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In a recent opinion piece "How Trump's immigration plans hurt American citizens' pocketbooks" published in the political newspaper The Hill, Maurice Goldman criticized President Donald Trump's plans for an immigration crackdown by pointing to the cost of building a border wall, hiring more enforcement agents and reducing legal immigration channels. But what was particularly interesting was the columnist's choice of words in one key passage. In contrast to the headline, which used the word "citizen," Goldman instead noted that "you, the consumer" would pay for the expense of Trump's policies.
That may not have been just a slip. It's hard to say exactly when it started, but in recent years, there seems to be an increasing tendency to use the term "consumer" interchangeably with "citizen," even when the discussion isn't taking place strictly in an economic framework. And some political experts say that the choice of words may reveal a subtle but worrisome shift in how we see ourselves and our role in American society — away from the notion of working together with others toward the common good, and toward a nation of individuals primarily motivated by self-interest.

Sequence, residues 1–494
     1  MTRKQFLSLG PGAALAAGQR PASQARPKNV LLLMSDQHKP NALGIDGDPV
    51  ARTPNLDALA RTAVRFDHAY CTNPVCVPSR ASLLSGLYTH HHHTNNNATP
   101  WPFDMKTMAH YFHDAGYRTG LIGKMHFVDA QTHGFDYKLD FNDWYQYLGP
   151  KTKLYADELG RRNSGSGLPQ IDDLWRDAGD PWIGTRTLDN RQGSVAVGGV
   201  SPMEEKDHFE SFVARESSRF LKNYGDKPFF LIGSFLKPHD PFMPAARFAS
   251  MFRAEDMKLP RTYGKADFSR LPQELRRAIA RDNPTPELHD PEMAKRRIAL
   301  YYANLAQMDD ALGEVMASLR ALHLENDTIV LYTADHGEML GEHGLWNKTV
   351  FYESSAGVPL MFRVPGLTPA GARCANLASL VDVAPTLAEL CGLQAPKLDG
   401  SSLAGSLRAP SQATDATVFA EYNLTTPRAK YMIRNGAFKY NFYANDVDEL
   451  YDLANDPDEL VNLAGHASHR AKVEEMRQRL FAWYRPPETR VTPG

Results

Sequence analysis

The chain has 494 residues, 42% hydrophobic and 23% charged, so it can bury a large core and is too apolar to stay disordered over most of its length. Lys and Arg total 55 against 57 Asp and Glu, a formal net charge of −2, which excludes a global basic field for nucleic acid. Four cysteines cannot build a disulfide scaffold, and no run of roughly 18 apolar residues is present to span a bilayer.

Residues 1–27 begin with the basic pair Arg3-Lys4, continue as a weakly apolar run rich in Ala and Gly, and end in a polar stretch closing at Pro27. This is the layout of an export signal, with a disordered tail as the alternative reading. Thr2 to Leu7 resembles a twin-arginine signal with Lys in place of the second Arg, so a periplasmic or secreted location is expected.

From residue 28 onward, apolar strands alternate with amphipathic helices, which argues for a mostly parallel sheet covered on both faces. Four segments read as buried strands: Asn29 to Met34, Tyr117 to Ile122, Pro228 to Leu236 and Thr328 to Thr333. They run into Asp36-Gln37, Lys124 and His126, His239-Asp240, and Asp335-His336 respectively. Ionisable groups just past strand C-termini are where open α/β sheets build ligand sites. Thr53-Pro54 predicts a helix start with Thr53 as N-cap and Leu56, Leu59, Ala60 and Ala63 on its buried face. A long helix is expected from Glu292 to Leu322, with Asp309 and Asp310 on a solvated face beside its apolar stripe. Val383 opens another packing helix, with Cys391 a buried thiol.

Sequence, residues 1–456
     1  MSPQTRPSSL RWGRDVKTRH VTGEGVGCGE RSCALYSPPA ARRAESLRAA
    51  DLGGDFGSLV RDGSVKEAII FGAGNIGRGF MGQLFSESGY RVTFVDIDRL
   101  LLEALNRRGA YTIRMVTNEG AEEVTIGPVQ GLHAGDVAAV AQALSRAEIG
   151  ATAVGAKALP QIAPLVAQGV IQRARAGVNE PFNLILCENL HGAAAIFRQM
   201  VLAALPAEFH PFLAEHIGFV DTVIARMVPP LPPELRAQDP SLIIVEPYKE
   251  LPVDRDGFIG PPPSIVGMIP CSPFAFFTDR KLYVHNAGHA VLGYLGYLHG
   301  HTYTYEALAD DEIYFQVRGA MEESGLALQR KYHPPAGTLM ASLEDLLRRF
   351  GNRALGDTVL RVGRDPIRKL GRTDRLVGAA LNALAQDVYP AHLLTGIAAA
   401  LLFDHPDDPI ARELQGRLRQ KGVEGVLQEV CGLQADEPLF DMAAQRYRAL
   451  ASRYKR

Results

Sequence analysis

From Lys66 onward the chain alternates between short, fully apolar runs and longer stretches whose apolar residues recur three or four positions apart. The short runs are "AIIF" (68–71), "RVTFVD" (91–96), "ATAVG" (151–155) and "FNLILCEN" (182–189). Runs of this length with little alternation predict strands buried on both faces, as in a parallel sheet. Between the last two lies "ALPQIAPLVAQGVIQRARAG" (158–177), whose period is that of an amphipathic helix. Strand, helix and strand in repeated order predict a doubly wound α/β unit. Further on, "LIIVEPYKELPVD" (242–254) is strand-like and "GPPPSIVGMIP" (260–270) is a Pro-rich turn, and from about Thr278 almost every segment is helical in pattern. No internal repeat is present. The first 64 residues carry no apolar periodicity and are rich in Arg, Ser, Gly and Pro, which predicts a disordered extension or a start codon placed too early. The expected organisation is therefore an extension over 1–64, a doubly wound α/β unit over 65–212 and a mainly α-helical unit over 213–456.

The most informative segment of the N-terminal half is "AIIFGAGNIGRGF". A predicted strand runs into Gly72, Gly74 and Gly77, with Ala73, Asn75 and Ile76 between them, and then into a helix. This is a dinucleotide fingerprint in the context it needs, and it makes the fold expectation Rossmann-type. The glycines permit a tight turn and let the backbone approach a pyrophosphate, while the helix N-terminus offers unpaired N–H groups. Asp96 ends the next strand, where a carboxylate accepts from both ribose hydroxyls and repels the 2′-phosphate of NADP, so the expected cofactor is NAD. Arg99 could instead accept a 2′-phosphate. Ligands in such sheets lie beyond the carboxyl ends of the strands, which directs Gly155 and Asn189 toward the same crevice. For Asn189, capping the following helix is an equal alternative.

Using consumer interchangeably with citizen "has become part of our default discourse — the normal way we view society and people," says Jathan Sadowski, who earned a doctorate from the University of Arizona's School for the Future of Innovation in Society, and currently is a guest lecturer at Delft University of Technology in the Netherlands. (He also wrote this 2015 article, titled "Stop Treating Citizens as Consumers.")